Today, the United States Fifth Circuit Court of Appeals filed an opinion of great importance. It may, at long last, give farmers protetection from Pilgrim’s Pride, Tyson Food, and other meatpackers that dominate the livestock markets. For decades, farmers have been denied this protection under the Packers and Stockyards Act (“PSA”). The opinion in Wheeler v. Pilgrim’s Pride Corp, Case No. 07-40651 (5th Cir.) may change that.
Until today, virtual every court in the United States had refused to enforce the plain langauge of the Packers and Stockyards Act of 1921. The PSA prohibits meat packers, such as Tyson, Cargill, JBS/Swift, Pilgrims, and Smithfield, from engaging in “any unfair, unjustly discriminatory, or deceptive practice or device. . ..” The plain language prohibits “any” such practice. But the Courts decided that when Congress said “any” such activity, it actually meant such activity that “reduced competition” in the market.
For example, a chicken farmer who had been cheated by a packer, would have to prove the entire market was impacted by the fact he was cheated. It was nearly impossible to show a marketwide impact from a single unfair or deceptive practice. Thus, under this interpretation of the PSA, it was almost always legal for meat packers to use unfair and deceptive practices against farmers and ranchers.
In 2005 this interpretation was relied upon by the 11th Circuit Court of Appeals which overturned the $1.3 billion dollar verdict for ranchers in Picket v. Tyson, 420 F.2d 1272 (11th Cir. 2005). The 5th Circuit Court of Appeals rejected the reasoning and held that any unfair or deceptive practice is illegal. In doing so it has created a split between the circuits. When such a split exists, it is up to the United States Supreme Court to resolve the disagreement between the circuits.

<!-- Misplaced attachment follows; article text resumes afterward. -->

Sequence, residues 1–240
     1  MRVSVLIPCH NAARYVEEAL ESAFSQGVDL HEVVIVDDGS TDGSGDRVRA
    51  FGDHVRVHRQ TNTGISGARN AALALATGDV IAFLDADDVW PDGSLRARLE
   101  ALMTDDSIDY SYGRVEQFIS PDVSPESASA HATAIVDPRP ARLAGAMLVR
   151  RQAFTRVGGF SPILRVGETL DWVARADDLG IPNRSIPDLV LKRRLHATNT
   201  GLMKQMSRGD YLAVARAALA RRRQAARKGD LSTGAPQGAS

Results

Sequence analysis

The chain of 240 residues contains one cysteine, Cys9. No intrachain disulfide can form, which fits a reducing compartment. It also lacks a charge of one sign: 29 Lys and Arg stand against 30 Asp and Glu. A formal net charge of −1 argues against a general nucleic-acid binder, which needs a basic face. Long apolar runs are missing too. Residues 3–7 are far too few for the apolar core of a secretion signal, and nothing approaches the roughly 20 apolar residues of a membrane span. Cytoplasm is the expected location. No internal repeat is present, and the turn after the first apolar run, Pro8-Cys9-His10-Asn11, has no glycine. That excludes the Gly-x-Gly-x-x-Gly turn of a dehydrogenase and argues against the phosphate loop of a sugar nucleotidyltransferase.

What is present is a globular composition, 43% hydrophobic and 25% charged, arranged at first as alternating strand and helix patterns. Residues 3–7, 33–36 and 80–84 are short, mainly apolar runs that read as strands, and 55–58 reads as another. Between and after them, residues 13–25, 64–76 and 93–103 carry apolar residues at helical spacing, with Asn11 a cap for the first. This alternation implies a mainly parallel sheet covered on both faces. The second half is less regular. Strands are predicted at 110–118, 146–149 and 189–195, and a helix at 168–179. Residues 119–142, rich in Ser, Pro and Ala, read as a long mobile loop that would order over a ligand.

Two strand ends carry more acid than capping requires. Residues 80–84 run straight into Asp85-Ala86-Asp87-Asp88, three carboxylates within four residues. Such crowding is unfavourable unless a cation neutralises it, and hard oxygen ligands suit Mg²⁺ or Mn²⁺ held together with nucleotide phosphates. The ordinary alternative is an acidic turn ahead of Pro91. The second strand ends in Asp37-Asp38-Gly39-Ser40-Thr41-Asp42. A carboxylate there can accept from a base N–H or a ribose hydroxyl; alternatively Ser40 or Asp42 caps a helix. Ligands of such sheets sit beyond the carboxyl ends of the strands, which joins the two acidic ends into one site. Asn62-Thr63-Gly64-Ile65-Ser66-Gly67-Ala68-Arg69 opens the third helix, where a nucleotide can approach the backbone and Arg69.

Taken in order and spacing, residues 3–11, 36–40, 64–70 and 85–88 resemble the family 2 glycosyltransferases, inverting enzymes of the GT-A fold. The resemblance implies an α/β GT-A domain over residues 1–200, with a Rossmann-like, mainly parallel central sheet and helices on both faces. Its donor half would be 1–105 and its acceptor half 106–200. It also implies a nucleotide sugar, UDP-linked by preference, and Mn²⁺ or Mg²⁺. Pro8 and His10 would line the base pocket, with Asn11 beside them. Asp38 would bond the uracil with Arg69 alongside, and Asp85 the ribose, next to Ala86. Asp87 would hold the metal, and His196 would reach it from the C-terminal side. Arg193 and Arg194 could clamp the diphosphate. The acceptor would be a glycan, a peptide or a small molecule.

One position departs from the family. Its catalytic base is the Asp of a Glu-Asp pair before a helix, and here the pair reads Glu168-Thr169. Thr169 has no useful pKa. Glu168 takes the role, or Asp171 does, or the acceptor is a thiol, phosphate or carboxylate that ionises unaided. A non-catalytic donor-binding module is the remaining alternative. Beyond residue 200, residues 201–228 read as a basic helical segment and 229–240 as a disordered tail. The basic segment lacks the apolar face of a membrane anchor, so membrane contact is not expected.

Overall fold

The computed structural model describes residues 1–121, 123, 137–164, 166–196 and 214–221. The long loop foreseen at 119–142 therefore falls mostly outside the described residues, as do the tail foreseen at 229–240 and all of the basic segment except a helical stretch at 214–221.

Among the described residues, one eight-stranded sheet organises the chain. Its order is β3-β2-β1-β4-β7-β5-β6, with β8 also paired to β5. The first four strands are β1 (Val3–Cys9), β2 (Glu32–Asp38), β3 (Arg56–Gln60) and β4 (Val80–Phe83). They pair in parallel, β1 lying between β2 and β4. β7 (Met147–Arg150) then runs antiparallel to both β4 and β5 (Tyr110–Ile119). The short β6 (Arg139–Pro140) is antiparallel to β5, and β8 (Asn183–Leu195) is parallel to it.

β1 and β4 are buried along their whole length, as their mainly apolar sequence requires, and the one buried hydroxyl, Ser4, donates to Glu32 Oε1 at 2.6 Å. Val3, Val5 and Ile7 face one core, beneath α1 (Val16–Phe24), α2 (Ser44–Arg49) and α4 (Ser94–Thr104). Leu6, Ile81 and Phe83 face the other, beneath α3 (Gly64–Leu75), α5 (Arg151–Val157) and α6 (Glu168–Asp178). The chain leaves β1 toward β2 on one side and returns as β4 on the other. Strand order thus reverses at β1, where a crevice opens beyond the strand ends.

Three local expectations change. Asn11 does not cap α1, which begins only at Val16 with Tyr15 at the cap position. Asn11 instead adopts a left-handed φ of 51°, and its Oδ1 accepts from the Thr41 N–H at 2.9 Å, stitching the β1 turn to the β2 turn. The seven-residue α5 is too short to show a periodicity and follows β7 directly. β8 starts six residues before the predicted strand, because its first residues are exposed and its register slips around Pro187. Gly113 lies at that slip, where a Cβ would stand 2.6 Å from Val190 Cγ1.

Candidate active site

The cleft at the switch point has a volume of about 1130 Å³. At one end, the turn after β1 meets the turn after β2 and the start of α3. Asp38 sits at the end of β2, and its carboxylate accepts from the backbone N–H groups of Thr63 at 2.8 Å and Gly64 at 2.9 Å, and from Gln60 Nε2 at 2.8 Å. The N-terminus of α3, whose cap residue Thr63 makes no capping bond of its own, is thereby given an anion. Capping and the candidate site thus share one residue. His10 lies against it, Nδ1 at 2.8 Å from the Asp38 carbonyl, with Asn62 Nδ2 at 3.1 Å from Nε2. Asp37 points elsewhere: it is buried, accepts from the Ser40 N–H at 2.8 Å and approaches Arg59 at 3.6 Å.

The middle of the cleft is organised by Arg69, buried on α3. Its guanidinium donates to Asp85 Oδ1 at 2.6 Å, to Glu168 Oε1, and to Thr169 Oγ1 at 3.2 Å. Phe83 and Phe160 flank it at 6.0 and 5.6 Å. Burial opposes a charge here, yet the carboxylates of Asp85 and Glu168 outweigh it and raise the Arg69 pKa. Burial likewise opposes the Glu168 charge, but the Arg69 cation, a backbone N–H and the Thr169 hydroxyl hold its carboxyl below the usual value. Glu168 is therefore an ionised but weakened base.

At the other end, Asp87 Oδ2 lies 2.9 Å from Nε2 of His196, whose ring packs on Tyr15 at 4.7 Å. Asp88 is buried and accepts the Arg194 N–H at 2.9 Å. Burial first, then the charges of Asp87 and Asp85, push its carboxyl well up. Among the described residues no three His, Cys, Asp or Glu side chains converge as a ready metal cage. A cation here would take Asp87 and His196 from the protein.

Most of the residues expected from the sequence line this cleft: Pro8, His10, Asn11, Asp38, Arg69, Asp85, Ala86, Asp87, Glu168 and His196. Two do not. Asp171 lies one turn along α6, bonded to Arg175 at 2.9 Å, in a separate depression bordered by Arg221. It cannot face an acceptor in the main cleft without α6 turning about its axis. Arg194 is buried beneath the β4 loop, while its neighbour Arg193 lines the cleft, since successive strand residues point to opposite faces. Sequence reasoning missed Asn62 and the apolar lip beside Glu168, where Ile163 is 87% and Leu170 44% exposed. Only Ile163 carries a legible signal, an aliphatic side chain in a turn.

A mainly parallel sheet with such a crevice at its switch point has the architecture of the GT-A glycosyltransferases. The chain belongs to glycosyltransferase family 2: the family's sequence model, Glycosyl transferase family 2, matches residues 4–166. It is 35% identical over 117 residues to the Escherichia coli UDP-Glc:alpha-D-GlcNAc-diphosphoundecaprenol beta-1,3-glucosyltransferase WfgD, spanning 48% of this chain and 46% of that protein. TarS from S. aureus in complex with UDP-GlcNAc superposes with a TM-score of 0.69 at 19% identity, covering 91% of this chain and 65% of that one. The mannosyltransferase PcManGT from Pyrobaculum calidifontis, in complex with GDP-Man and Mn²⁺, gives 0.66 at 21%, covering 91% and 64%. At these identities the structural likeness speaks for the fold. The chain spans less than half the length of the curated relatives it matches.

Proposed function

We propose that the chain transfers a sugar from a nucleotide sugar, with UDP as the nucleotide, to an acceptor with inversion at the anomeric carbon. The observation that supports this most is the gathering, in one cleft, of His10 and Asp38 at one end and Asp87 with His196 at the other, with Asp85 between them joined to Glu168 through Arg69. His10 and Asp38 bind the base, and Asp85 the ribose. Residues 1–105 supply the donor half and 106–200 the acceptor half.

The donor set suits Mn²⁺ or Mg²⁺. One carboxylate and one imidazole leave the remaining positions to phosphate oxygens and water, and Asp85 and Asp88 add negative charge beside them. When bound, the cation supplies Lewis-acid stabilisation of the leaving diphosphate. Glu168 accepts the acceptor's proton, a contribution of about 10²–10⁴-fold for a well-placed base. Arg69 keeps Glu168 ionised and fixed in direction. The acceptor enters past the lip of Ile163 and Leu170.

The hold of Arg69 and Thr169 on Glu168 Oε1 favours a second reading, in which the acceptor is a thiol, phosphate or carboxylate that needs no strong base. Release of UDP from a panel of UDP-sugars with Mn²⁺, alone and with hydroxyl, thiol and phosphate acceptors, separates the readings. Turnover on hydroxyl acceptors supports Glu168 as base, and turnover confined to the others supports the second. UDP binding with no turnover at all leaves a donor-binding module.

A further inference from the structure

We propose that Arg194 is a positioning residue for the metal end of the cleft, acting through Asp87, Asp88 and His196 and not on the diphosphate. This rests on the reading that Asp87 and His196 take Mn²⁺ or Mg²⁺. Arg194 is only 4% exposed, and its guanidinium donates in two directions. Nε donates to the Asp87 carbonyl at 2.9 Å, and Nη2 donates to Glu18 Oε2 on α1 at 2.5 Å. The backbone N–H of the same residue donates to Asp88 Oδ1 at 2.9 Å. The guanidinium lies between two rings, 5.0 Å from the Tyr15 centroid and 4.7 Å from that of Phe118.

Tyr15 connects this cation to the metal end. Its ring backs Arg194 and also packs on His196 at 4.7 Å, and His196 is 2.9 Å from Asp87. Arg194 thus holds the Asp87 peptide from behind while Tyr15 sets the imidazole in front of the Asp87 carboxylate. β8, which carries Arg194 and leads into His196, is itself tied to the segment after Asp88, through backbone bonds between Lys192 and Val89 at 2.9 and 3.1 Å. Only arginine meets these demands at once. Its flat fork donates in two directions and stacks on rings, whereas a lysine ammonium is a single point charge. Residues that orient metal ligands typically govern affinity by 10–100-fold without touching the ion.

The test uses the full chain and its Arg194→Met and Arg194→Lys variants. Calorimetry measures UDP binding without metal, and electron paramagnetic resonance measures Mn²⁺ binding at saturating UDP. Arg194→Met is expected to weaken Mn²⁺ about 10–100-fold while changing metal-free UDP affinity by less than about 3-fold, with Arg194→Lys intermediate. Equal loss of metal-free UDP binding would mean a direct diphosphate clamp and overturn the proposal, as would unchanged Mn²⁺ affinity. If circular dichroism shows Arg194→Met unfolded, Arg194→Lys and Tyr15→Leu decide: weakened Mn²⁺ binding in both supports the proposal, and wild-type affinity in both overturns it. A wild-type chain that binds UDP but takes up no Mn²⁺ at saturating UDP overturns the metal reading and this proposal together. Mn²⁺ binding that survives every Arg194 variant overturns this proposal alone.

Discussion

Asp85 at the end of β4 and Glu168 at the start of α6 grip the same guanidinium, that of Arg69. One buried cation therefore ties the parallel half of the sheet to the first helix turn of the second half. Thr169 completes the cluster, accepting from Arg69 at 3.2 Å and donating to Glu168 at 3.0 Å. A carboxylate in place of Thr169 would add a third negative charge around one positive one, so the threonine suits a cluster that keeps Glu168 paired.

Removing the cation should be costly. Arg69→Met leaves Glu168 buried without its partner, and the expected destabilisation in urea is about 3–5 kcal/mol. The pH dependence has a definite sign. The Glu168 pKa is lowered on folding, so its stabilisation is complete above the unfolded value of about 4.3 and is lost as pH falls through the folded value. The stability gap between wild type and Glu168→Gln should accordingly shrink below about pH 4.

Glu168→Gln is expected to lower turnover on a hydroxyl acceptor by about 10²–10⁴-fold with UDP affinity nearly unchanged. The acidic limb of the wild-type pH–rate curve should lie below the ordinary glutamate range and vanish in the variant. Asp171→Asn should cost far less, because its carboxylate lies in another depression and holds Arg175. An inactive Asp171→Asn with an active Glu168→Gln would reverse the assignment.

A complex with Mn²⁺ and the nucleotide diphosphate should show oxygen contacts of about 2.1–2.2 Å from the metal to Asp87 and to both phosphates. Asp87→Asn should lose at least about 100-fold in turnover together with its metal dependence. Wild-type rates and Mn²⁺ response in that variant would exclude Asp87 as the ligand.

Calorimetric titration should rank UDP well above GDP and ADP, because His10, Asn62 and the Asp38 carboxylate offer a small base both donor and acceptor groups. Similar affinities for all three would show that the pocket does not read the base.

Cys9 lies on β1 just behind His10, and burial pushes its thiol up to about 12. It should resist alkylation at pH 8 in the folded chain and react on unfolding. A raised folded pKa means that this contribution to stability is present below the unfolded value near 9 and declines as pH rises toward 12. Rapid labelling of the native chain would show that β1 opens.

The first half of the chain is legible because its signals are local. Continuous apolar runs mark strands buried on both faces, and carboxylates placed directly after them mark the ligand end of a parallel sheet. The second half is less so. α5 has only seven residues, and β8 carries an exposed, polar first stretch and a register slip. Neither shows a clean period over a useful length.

When this question reaches the Supreme Court, it will focus attention on the incredible market power of the packers. Literally, a few people in a few companies decide the price of cattle, chickens and pigs in the United States. Due to their market share, these few multinational corporations have control the markets and they use that power to financially squeeze farmers and rural communities.
Those who defend this situation assert that this is simply the work of the market. They leave out the important fact that in this market, using unfair and deceptive trade practices against farmers and ranchers is legal most of the time. The 5th Circuit’s opinion and its reliance on the “plain language” of the Packers and Stockyards Act marks an important step toward a legitimate livestock market in the United States.